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Estate planning considerations for parents of children with disabilities

On Behalf of | Apr 17, 2024 | Estate Planning

For parents of a child with certain disabilities, planning for the future takes on a particular significance. If you are in this position, safeguarding your child’s well-being and financial security is an effort that needs to extend beyond your lifetime.

A well-crafted estate plan can provide peace of mind, knowing your loved one will be cared for even in your absence. As such, if you’re a parent to a differently abled child, it helps to familiarize yourself with the key resources worth considering when building your estate plan.

Financial security through special needs trusts

One of the most crucial elements of your estate plan should be the creation of a special needs trust (SNT). An SNT holds assets on behalf of your child, helping to ensure they don’t disqualify them from receiving government benefits like Medicaid and Supplemental Security Income (SSI).

A trustee, a trusted individual you appoint, manages the trust’s funds and distributes them for supplemental needs not covered by government programs, such as education, therapy or improved quality of life expenses. There are two primary types of SNTs: self-settled SNT and third-party SNT.

A self-settled SNT is established with assets your child already owns. These trusts offer limited flexibility to protect benefits. On the other hand, a third-party SNT is funded with your assets and offers greater flexibility in distributions without jeopardizing benefits.

Guardianship and caregiving considerations

Your estate plan should clearly designate a guardian to care for your child in the event of your passing or incapacitation. This decision requires careful thought. Consider someone who shares your values, has a loving relationship with your child and possesses the necessary skills to manage their specific needs.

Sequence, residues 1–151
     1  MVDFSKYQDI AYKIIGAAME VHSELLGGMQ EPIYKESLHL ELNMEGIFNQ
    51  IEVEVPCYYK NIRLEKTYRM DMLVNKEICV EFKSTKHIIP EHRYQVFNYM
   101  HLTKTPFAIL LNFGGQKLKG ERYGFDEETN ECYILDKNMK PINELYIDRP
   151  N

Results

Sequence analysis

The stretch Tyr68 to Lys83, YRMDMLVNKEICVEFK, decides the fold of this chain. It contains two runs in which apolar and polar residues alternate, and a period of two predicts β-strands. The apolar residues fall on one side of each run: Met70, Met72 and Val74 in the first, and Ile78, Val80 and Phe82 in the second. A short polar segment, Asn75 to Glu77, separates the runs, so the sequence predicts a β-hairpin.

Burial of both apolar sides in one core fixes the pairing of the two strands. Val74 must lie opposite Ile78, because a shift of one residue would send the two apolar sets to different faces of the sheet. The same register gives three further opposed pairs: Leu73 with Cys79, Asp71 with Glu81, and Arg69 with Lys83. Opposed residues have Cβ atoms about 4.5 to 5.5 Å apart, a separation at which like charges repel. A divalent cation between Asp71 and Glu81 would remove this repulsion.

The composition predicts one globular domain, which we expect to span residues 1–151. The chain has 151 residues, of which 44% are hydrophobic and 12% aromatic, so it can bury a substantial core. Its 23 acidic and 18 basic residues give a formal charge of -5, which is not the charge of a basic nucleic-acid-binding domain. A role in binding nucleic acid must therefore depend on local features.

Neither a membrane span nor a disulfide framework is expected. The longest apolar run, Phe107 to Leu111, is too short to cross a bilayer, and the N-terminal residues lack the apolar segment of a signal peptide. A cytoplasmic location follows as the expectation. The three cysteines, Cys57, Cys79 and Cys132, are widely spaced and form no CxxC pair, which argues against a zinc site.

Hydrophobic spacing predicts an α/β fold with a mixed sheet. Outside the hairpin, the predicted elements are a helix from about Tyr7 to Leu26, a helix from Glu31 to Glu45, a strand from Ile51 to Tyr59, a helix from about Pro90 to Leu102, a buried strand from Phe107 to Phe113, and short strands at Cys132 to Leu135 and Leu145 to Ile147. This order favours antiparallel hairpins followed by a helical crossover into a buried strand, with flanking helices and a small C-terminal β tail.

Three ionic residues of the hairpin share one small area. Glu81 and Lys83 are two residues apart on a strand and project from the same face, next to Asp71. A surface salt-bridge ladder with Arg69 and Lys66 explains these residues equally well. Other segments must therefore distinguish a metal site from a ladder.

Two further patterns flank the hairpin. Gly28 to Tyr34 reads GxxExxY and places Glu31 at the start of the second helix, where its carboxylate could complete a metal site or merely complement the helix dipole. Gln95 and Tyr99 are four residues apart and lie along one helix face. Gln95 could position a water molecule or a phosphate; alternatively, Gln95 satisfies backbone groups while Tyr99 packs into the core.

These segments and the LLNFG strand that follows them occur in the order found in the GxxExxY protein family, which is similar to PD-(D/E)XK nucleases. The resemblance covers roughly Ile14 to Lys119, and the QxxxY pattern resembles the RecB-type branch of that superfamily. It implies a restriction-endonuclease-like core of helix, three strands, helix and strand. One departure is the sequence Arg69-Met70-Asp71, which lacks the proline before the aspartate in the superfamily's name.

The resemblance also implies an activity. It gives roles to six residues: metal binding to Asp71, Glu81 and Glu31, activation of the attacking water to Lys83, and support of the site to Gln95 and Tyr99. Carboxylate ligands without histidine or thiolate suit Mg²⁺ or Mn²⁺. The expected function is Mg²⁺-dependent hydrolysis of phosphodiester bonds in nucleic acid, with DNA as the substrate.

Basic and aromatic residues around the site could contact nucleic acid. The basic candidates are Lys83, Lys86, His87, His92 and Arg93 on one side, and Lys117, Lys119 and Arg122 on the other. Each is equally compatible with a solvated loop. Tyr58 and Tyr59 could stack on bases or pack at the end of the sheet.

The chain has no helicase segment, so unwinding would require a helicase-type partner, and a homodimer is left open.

Discuss your wishes openly with your chosen guardian and try to ensure they are comfortable taking on this responsibility. You also include a letter of intent outlining your preferences for your child’s care, education and future.

Planning for incapacity: power of attorney

A durable power of attorney (POA) can enable you to appoint someone you trust to manage your financial affairs if you become incapacitated. This is essential for helping ensure your child’s needs are met even if you cannot handle finances yourself. Choose a responsible individual familiar with your financial situation and comfortable making financial decisions on your behalf.

Estate planning that is conscious of a child who has a disability requires careful consideration and legal guidance. Consulting with an experienced legal team can help to ensure that your plan is legally sound and addresses your child’s unique needs. By taking these steps, you can provide a lasting legacy of love and security, giving you peace of mind and your child the support they need to thrive.